Day: November 20, 2013

The Photo Gallery: Nature

Elephant at Santa Barbara Zoo

I don’t enjoy seeing elephants in small enclosures. I’m thankful that the majority of zoos across the world are no longer breeding elephants. The ones that remain in zoos, are hopefully the last. They belong in the wild, or in large landscapes of protected land. They belong with their kin.

When I do come across one of the remaining generation of elephants in zoos I feel a certain bitter sweetness. I feel blessed to see one. I feel in awe of their grace, strength and dexterity. I watch them, without wanting to stare, through downcast eyes and with a tinge of sadness.

The elephant in this photograph is one of two at Santa Barbara Zoo in California. I found myself watching with quiet reverence. My children, running around beside me, weren’t in the mood for listening to my speech of awe and wonder. I stood, motionless, apart from moving to take a photograph. The elephant stopped to look at me when the shutter of my camera blinked to capture the image I sought. I felt guilty for intruding on the moment, trespassing on the little space that was the elephant’s home. If I could have spoken ‘elephant’ I would have asked permission before taking the photograph. Instead I bowed my head in respect, hoping the elephant could read my thoughts.

Nature is wonderful, but I’d rather capture it in a natural setting. I hope these beautiful, intelligent animals of grace and strength can live a more peaceful life in the future, free to roam without unnatural threats from certain people who do them harm.

I am a great supporter in WWF and TRAFFIC and the work they do in the war against wildlife crime.

 

Sticky Fingers Photo Gallery

He understands. He loves her. He will stand by her. She loves him.

So many people don’t understand.
They make her feel weak for depending on medication.
It’s not just the medication though – it takes much more than that.
She has a family who understands, who appreciates her, as she is.
She was born with strong sensitivities.
Life, in her youth, was always a see-saw.
Little things would throw her off balance –
a busy scene, crowds, too much noise.
She’d find herself feeling dizzy, tearful, out of control,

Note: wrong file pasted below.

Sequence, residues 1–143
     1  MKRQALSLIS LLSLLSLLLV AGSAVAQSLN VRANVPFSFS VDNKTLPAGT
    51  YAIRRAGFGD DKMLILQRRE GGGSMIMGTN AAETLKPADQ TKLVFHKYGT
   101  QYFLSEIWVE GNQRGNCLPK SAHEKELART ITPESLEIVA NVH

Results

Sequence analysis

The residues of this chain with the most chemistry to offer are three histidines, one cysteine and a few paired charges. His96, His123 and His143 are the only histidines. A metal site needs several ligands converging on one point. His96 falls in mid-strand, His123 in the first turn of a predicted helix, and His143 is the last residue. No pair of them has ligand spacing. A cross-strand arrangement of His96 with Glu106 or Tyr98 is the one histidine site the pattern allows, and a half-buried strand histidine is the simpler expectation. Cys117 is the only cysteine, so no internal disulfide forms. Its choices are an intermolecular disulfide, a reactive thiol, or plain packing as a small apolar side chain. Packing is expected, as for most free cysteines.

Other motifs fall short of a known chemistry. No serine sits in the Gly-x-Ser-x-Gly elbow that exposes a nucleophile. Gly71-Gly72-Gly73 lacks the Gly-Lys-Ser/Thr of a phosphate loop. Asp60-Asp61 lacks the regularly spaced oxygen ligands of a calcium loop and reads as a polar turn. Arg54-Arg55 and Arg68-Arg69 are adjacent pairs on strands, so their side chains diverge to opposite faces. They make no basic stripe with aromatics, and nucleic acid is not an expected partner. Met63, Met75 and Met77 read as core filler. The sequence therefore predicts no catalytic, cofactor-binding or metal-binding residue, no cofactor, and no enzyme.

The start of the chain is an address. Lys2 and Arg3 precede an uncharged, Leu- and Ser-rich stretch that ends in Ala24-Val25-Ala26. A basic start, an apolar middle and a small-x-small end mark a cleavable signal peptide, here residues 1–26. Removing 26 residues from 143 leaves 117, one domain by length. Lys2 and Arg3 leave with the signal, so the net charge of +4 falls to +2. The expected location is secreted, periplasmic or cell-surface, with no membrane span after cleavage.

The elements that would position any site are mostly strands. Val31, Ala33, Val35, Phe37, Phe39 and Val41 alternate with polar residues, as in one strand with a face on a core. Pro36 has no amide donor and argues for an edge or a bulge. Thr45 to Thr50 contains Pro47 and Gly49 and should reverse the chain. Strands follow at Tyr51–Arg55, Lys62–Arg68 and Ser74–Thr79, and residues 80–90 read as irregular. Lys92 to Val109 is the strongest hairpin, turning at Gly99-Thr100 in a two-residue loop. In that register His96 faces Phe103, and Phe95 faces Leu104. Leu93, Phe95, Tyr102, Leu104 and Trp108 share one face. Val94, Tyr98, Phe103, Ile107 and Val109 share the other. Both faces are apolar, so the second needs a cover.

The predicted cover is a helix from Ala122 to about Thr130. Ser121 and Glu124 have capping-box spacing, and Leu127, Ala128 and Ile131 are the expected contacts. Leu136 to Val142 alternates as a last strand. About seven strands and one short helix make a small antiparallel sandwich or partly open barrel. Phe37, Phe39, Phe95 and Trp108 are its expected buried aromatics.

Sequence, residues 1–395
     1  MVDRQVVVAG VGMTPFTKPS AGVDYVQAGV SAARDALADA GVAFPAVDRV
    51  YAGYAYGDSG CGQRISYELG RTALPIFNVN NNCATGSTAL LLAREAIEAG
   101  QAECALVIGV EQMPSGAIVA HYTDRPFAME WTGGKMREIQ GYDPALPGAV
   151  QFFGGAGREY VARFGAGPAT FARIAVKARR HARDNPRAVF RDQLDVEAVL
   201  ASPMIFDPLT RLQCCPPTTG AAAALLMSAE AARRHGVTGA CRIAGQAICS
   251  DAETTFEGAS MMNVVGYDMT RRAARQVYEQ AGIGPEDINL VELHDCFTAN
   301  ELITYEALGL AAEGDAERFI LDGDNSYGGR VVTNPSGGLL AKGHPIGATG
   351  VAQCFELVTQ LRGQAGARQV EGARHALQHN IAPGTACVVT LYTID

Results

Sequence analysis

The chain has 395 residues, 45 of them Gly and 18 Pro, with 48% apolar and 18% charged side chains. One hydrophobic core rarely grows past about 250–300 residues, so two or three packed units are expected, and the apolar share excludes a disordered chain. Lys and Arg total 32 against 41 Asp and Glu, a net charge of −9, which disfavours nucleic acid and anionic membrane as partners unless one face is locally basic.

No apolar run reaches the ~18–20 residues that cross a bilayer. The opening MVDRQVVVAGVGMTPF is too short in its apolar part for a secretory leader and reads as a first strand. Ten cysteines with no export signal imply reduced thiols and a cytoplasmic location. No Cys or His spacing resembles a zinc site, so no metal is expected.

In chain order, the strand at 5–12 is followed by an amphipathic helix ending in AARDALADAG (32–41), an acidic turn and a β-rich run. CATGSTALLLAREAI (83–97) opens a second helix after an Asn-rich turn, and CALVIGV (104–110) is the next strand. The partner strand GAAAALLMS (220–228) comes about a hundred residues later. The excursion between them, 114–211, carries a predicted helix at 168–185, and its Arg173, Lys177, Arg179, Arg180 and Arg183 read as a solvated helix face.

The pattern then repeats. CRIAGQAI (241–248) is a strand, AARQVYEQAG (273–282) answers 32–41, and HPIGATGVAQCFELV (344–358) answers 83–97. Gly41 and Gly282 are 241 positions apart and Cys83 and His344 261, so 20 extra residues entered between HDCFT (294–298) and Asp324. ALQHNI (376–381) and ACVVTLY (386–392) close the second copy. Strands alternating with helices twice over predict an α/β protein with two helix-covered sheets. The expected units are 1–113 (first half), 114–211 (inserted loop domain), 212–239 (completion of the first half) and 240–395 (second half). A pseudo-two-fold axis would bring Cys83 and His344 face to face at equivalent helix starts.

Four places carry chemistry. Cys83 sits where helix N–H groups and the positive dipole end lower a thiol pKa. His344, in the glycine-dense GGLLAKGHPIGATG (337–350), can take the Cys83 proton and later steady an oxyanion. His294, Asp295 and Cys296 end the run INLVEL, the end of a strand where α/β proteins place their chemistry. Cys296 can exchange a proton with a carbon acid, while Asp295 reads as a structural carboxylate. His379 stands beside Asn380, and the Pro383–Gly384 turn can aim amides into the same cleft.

needing to retreat, into her shell.
Growing up wasn’t easy, but she had a family who cared.
Even if they didn’t always understand – she knew they wanted to –
That was enough.

The man she’s now married to has known her since then.
He’s loved her through all the see-saws of emotion.
They met when she was just eighteen.
She was a mess, first year at University.
She was escaping, retreating, in a pool of alcohol.
She didn’t realise then, how much she was ‘hiding’,
She was numbing herself to reality.
He was her friend, her constant.
He never took advantage of her precarious state –
but sought out the woman that was underneath.

He waited, patiently, avoiding intoxicated advances,
maintaining the friendship and courting with refrain.
He listened, with a genuine ear, and made her smile –
the best medicine of all.
She spent most of her twenties seeking to find,
the person who was hidden beneath the veneer.
A person that cared, too much at times,
about the world around her and the wrongs she saw.

A fixer, a perfectionist, a troubled soul,
seeking a better way, but confused with reality.
Avoiding conflict and troubled situations,
looking for a path of peace in a twisted world.

Then motherhood came.
She loved living in the moment, seeing the world anew.
Her children, she found, were her biggest teachers.
No time for vanity, or desperate analysis,
only time to ‘be’, in the moment, in a mist of sleep deprived fog.
Moments of clarity, moments of light.
Realisation of when things were not right.
Wishing to be the person she envisaged,
a mother who could lead by example and set the path right.

She sought out help, and help she found.
The light went back on and her senses were lit anew.
She could take the world, in all its shades.
The beauty she would embrace, with awe,
the pain she could take – without desperation and collapse.
She found a balance, without extremes.
Feel, she still could, but without distress.
Beauty and beast, together she could take.
Her path she could walk, with patience and grace.

At times she’d feel so fine she’d stop taking the ‘help’,
she’d feel fine, at first, for a week…
and then, the old horrors would return.
She’d feel overwhelmed with tears and anxiety –
when she needed to be her strongest.
She needed to lead by example, stay calm in a crisis,
her children needed her, she could never surrender.

Now here she is, still seeking answers,
but gaining more wisdom as the years pass by.
Thankful for him, loving her through it all,
understanding her, growing with her, open heart, open mind x